8. 8. Base Excess <ul><li>The Base Excess: is defined as the amount of acid (in mmol) required to restore 1 litre of blood to its normal pH, at a PCO2 of 5.3kPa (40mmHg) </li></ul><ul><li>During the calculation any change in pH due to the PCO2 of the sample is eliminated, therefore, the base excess reflects only the metabolic component of any disturbance of acid base balance </li></ul><ul><li>If there is a metabolic alkalosis then acid would have to be added to return the blood pH to normal, therefore, the base excess will be positive </li></ul><ul><li>If there is a metabolic acidosis, acid would need to be subtracted to return blood pH to normal, therefore, the base excess is negative. </li></ul>
  9. 9. Base Excess <ul><li>If base deficit/ base excess is consistent with abnormality in pH then the primary abnormality is metabolic </li></ul><ul><li>If both PaCO 2 and base excess/deficit are altered in a way that is consistent with the abnormality in pH then a mixed picture is present </li></ul>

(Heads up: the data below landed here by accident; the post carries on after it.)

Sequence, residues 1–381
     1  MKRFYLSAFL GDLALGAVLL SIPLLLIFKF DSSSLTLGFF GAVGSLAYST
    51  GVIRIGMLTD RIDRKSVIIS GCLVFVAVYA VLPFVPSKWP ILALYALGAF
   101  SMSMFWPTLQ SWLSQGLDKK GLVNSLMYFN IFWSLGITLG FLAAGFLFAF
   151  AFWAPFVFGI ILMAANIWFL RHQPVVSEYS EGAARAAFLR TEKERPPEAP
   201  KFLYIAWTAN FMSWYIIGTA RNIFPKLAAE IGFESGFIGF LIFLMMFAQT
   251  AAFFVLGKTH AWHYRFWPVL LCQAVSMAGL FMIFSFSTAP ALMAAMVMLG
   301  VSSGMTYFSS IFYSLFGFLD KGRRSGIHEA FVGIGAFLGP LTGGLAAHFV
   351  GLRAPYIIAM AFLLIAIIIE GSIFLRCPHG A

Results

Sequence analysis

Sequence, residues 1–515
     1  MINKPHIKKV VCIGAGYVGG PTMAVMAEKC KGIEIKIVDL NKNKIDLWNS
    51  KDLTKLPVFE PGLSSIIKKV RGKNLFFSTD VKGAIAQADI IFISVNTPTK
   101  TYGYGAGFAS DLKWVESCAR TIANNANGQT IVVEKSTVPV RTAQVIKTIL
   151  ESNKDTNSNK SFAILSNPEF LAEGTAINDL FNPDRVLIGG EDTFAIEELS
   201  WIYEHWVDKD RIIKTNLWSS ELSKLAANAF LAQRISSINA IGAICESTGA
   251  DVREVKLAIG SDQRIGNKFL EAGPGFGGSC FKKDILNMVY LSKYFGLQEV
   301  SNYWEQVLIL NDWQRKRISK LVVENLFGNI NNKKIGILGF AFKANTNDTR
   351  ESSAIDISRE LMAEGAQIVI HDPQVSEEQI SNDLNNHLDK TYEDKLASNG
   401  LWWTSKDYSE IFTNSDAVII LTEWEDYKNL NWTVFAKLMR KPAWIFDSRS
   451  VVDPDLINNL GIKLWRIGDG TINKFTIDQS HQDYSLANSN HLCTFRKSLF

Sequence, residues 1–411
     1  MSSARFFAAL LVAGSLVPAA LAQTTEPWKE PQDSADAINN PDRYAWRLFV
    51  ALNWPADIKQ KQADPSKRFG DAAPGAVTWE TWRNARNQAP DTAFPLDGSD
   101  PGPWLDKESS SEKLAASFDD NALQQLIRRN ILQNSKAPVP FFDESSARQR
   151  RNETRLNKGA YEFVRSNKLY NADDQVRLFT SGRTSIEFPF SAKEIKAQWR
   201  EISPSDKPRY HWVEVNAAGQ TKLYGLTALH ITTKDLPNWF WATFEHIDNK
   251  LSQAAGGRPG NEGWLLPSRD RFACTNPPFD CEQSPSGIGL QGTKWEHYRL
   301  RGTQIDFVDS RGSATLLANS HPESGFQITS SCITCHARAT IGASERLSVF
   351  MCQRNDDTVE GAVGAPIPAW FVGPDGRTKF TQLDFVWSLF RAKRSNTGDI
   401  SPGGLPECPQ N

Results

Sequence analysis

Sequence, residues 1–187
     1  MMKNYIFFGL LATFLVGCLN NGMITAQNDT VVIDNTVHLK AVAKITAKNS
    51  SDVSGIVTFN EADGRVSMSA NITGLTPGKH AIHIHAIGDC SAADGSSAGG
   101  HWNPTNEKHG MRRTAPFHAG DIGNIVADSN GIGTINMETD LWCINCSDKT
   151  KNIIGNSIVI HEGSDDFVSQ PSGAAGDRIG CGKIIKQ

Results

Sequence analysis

10. 10. Flenley acid-base nomogram
  11. 11. Standard Bicarbonate <ul><li>The Standard Bicarbonate: this is similar to the base excess. It is defined as the calculated bicarbonate concentration of the sample corrected to a PCO2 of 5.3kPa (40mmHg). Again abnormal values for the standard bicarbonate are only due the metabolic component of an acid base disturbance. A raised standard bicarbonate concentration indicates a metabolic alkalosis whilst a low value indicates a metabolic acidosis. </li></ul>
  12. 12. Interpretation Guidelines <ul><li>Step 1: Look at pH - this is the starting point. </li></ul><ul><li>If within normal range, a normal or compensated state exists. </li></ul><ul><li>If outside normal limits, assess whether acidosis or alkalosis is present. </li></ul><ul><li>The body never overcompensates. Whichever state exists on the pH scale is the primary abnormality. </li></ul>
  13. 13. Interpretation Guidelines <ul><li>Step 2: Assess hypoxemic state. </li></ul><ul><li>If PaO 2 is <60 mmHg, hypoxic state exists. </li></ul><ul><li>If PaO 2 is between 80 -100 mmHg, a normal condition exists. </li></ul><ul><li>If PaO 2 is >100 mmHg, a hyperoxic state exists. </li></ul>